What is a hyperbola?

A hyperbola is the reflection created when the radar wave bounces off a single point object in the ground. It can also appear when you, for example, move across a buried utility with your GPR equipment. It is a distinctive, up-side-down U -shaped reflection that will be indicative of the location of interesting features in the ground, but also provide the surveyor with important information about the soils in the survey area and the point targets themselves. 

The hyperbola shapes in radargrams are created as the radar signal is transmitted into the ground in a cone shape (and not straight down). This cone shaped pattern is often referred to as the radar footprint. As a result of this transmission pattern the radar will in effect “see” objects both before it is on top of the actual object and after you have passed it with your GPR equipment. The correct depth of the buried object will be measured when the antenna is directly on top of it. 

The shape of the hyperbola from a single point object will differ due to the size of the object, where larger objects at the same depth as a smaller object will result in a wider hyperbola shape. But if objects of the same size are located at different depths the hyperbola from the deeper lying object will appear larger than the shallower object. The velocity of the ground will also have an impact on the shape of the hyperbolas where a “faster” soil will result in wider hyperbolas and vice versa.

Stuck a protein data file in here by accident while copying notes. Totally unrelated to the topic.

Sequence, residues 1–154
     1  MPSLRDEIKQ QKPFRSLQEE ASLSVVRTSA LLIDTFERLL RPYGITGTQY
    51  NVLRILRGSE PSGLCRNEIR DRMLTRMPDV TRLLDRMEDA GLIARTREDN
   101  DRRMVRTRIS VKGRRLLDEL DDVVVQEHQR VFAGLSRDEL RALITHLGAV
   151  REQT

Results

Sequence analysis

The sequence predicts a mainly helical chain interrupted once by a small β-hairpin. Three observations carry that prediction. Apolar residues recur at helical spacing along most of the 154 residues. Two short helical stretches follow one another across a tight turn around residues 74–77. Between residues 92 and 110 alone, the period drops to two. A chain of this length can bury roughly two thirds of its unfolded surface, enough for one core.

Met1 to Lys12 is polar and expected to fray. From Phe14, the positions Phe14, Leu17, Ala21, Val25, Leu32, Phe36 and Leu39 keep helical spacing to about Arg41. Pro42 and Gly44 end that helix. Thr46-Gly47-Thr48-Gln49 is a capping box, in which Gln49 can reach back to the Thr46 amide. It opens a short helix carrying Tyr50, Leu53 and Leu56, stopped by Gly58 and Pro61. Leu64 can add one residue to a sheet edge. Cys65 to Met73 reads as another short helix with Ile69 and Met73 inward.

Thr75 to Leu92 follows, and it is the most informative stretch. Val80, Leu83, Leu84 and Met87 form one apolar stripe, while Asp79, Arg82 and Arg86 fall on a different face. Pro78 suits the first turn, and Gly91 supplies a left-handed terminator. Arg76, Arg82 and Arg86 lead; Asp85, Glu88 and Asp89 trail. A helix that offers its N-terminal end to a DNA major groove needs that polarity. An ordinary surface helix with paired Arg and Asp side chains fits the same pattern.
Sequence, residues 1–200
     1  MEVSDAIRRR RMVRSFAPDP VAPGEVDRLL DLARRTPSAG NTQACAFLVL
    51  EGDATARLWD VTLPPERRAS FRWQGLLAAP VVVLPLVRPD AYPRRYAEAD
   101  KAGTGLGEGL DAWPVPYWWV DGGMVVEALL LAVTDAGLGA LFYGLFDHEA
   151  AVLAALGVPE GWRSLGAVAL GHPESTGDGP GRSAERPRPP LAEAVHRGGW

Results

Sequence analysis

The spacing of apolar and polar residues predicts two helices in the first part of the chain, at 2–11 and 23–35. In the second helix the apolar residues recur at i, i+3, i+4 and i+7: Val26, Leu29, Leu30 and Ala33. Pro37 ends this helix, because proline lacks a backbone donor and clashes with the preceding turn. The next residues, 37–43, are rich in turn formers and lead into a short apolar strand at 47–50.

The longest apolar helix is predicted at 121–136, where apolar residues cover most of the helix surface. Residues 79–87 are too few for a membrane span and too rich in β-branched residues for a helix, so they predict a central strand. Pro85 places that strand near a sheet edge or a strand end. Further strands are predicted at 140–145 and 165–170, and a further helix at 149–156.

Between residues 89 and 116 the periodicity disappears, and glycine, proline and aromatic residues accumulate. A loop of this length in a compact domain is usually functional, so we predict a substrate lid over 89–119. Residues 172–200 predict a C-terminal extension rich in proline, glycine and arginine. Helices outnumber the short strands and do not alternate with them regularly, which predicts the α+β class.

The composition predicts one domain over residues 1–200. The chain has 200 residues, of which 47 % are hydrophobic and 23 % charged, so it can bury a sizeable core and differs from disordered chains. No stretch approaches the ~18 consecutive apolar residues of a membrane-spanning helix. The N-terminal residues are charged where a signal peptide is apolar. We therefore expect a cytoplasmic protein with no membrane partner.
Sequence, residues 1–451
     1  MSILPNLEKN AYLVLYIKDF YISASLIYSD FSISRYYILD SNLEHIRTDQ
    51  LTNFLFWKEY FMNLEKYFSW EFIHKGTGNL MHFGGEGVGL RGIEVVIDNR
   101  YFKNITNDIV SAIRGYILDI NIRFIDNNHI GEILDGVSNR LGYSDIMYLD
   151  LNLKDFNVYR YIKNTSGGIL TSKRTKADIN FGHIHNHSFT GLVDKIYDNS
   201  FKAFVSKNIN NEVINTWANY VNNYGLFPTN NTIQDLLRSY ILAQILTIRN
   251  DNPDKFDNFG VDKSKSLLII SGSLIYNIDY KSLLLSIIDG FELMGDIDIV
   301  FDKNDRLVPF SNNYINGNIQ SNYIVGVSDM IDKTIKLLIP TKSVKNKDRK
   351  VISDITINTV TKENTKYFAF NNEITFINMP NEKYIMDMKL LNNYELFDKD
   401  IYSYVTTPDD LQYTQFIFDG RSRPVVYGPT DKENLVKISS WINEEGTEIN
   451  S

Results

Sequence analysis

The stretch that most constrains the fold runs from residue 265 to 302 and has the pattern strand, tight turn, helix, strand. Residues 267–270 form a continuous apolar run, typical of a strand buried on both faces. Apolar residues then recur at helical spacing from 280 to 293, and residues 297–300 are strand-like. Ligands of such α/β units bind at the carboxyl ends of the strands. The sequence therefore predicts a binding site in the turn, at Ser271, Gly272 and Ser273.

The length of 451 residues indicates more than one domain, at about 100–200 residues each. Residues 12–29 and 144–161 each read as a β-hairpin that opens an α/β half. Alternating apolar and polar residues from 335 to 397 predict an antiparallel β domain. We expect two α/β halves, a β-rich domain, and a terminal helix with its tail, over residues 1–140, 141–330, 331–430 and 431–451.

Also remember that the shape of the hyperbola, when being reflected off a utility, will depend on the angle between the surveyed line and the direction of the utility itself. If the surveyed line is not measured exactly perpendicular to (and over) the utility, the hyperbola will appear wider and subsequently provide you with the wrong values for your velocity/depth estimations. 

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